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DEEP BREATHING, MEDITATION VERSUS ANXIETY AND STRESS

Updated: Jan 16




DEEP BREATHING, MEDITATION VERSUS ANXIETY AND STRESS

Deep breathing is the conscious act of taking slow, deep breaths. Inhaling air through the nose and exhaling through the mouth.

 

In very simplistic terms, as we inhale, air molecules move into the lungs where oxygen is picked up by our blood cells, these cells then move through our bodies to supply the tissues for a metabolic reaction which results in the creation of carbon dioxide, which is then transported back to the lungs, and released when we exhale.

 

When we feel stressed or anxious, our breathing pattern changes, due to a stimulation of our sympathetic nervous system, causing us to take shorter and shallower breaths.  During this pattern of breathing our oxygen-carbon dioxide exchange is disturbed resulting in an increase in heart rate, breathing rate and blood pressure.

 

Consequently, if we can trigger our parasympathetic nervous system, we can return the body to a relaxed state.  Deep breathing is well known to have this effect.

 

There have been many scientific studies and much long-standing knowledge, such as in Buddhist traditions and Ayurvedic medicine including yoga practices, which support breathing and meditation techniques to aid in relaxation.  Mindfulness is a relatively new technique which has lots of scientific backing.


Psychologists have found that mindfulness meditation changes our brain and biology in positive ways, improving both mental and physical health.  A simple way to think about meditation is training your attention to achieve a calm mental state with heightened concentration and positive emotions.



There are some fabulous breathing exercises to aid in stress relief and anxiety.  Techniques include the square or box breathing (https//thejoywithin.org/breath-exercises/square-breathing), pranayama and alternate nostril breathing (www.yogajournal.com/practice/beginners/how-to/pranayama), information and videos can be easily found.  Even the NHS advocate breathing exercises and meditation to aid in stress relief and anxiety (www.nhs.uk/mental-health/self-help/guides-tools-and-activities/breathing-exercises-for-stress/).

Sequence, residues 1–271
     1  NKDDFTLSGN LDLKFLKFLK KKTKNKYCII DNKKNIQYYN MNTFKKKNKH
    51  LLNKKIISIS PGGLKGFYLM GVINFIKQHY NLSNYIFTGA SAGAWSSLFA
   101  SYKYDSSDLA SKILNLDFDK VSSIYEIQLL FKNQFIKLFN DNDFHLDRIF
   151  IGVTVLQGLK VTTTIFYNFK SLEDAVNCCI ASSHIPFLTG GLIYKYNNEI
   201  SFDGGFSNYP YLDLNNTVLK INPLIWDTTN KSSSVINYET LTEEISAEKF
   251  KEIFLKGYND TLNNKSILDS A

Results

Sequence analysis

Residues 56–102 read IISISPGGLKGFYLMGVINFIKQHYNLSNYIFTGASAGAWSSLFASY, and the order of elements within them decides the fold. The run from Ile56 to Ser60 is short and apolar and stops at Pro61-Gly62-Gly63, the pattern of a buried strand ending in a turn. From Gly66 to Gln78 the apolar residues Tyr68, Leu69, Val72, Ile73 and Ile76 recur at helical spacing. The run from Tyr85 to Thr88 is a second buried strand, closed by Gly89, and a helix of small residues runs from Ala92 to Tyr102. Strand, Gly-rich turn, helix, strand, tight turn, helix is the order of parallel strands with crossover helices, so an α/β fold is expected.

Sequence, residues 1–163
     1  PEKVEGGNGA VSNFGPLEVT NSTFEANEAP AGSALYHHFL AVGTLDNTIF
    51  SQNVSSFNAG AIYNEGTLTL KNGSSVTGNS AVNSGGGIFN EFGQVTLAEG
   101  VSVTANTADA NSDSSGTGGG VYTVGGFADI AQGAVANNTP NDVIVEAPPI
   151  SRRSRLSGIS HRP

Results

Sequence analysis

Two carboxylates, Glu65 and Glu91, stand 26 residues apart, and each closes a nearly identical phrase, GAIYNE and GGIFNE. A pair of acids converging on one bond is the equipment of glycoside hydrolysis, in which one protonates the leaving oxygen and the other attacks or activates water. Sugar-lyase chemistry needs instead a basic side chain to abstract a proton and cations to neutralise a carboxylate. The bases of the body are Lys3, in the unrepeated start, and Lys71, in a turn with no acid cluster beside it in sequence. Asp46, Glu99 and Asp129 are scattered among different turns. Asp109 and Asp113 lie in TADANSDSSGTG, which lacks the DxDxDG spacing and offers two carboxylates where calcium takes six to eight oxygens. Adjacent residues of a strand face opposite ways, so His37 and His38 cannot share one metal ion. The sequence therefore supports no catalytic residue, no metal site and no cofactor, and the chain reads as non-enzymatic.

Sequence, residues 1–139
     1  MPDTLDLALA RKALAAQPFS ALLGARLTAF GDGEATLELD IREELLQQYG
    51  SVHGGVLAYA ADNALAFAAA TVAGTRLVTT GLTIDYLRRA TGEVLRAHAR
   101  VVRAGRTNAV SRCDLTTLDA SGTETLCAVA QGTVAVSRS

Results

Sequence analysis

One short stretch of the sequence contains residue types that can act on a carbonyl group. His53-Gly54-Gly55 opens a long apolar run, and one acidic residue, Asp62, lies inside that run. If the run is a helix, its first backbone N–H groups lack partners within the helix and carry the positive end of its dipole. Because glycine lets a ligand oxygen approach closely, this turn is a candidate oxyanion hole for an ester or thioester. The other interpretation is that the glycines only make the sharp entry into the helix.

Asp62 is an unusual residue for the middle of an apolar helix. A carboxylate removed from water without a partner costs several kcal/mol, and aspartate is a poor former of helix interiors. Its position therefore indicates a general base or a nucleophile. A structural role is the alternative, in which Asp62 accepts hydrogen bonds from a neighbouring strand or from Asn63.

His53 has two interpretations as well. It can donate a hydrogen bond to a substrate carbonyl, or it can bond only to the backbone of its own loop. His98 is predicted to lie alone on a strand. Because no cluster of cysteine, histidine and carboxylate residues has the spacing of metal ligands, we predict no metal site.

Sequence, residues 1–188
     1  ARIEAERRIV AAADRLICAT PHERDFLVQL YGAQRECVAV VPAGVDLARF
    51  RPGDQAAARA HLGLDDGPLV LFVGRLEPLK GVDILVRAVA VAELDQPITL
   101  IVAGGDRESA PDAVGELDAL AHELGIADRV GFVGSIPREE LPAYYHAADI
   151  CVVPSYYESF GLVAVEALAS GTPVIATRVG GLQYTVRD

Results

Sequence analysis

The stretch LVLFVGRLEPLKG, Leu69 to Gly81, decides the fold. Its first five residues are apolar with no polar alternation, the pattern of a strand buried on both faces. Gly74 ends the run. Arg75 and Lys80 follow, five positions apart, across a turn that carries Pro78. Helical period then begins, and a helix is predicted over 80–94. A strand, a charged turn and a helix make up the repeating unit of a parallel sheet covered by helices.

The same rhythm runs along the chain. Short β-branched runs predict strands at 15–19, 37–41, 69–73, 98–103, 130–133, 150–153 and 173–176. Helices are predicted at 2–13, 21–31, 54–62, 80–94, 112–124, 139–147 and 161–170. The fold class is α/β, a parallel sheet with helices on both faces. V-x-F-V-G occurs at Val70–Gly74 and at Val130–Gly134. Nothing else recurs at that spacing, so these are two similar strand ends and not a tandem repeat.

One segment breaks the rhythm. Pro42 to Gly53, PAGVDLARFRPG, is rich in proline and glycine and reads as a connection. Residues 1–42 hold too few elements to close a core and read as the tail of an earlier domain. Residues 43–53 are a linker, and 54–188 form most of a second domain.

THE HERBAL PAGE

Herbs for stress and anxiety

We must remember it is normal to feel anxious or worried in certain situations.  It’s when our feelings and emotions become beyond what we can control with relative ease that we can consider ourselves to be struggling with a stress related disorder or anxiety.

 

Herbal medicine has long been used for the natural relief of stress and anxiety.   Herbs work with the body to aid in gentle relaxation, calming the nervous system and act as a sleep aid.  They achieve this in many ways as they work on the body to balance the systems.

 

Everybody experiences and displays stress in different ways, so if you are a person who reacts to stress with an upset stomach/digestive system, or a person that sweats, or a person that has a skin reaction/break-out, or a person that has an outward emotional reaction, or a person that has disturbed sleep patterns, there are herbs that can help.

 

Some of the herbs used very effectively include:

Melissa officinalis  Lemon balm is a lemon-scented herb that comes from the same family as mint. Lemon balm has traditionally been used to improve mood and cognitive function, but the potential benefits don’t stop there. It is particularly useful in digestive issues hence may be one of the herbs of choice in someone suffering stress related digestive disturbance.



Valerian is a herb native to Europe and parts of Asia.  The root has particular pharmacological compounds that act like a sedative in the brain and nervous system.  There are records as far back as Greek and Roman times documenting its traditional uses.  People commonly use valerian for sleep disorders, anxiety and stress.

 


 

Hypericum perforatum is a traditional European medicine used as far back as the ancient Greeks. Historically, St. John’s wort has been used for a variety of conditions, including kidney and lung ailments, insomnia, and depression, and to aid wound healing.  Currently, it has use in other disorders including menopause and depression.

 

Be aware that, just like medicines, herbs can also cause side-effects and interactions so getting the correct advice, ideally from a medical herbalist, is crucial.

 

Contact details: for more information and advice:      

Registered Osteopath and Medical Herbalist, With acupuncture training and rehabilitation pilates instructor training

At George Morris Physiotherapy Clinics in Hindley and Ashton

Direct line: 07828261152; 

Herbal Osteopathic Life

 


 

 

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